The invention consists of a new process for reducing the sulfur content of coal. The process comprises as a first step pulverizing the coal to minus 200 mesh so as to provide a mixture of coal and pyrite particles in which the majority of the pyrite particles are physically freed from the coal matrix, and as a second step applying a silent corona A.C. discharge to the mixture in the presence of a gas to separate the particles each from the other so as to de-agglomerate the mixture whereby to provide a mixture in which the surfaces of substantially all the particles are accessible for contact treatment. The A.C. corona "silent discharge" ionizes the gas between the electrodes, creating a large number of both positive and negative ions in the gas. This "silent discharge" also converts a fraction of the gas molecules into nascent atoms of the gas. Presence of coal and pyrite particles in the ionized gas discharges any electrostatic charge on the particles. If the gas is capable of reacting with coal or pyrite, the ionized gas molecules react with the surfaces of the pyrite or the coal particles, converting the selected substance to another compound. For example, hydrogen in the gas will react with iron disulfide (pyrite) converting the surface layer of this substance into iron and the sulfur into a very small quantity of hydrogen sulfide gas. The iron is both electrically highly conductive, and strongly magnetic. This process step alters substantially all the pyrite particles to a depth of at least one molecule to a new chemical form characterized by enchanement of at least one of the pre-existing differences in magnetic susceptibility and electrical conductivity between the pyrite and the coal components of the mixture. THe process thereafter, in a third step, employs one or both of these enhanced property differences to improve separation of said components one from the other.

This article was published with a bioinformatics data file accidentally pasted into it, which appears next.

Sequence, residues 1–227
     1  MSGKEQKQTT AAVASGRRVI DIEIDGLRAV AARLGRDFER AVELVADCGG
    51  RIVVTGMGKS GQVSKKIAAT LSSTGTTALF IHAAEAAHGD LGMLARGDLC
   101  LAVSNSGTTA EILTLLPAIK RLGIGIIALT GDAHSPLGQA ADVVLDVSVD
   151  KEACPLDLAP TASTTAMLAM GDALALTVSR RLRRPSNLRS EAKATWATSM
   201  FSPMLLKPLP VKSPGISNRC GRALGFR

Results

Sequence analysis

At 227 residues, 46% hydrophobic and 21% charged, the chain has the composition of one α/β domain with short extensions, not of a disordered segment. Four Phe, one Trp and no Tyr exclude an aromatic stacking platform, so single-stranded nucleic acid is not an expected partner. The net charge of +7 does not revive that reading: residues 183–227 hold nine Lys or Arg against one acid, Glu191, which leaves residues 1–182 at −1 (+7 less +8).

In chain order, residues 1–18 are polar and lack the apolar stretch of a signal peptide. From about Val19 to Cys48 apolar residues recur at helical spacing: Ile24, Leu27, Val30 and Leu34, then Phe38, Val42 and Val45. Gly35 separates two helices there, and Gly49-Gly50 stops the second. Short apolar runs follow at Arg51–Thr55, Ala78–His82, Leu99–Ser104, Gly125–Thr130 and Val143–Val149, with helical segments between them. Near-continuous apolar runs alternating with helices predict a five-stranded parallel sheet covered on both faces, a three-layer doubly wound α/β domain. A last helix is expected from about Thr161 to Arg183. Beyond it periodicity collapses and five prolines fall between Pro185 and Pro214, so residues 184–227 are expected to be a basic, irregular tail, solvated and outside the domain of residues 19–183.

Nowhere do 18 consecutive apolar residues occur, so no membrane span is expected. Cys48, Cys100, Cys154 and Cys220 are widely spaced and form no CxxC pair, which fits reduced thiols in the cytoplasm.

The step of pulverizing coal containing pyrite particles in the range 50 micrometers or smaller may fail to separate enough of the pyrite component from the coal component to allow subsequent steps of the process to achieve the required sulfur-content reduction. In such cases pulverizing the coal to even smaller sizes than minus 200 mesh may, instead bring about increased difficulties in handling the smaller-mesh powders that will be produced. I have found that certain chemicals may be used to weaken the bond between the smaller-size pyrite particles and the coal matrix prior to the crushing or pulverizing step, after which the effect of the pulverizing step is increased so that pyrite particles as small as 37 micrometers can be physically separated from the coal matrix. For example, if a sample of coal of this type is wetted in an aqueous solution of ammonia or potassium hydroxide for a few hours at atmospheric pressure and ambient temperature, and then dried, the step of pulverizing this sample to minus 200 mesh will achieve increased physical separation of the pyrite component from the coal component.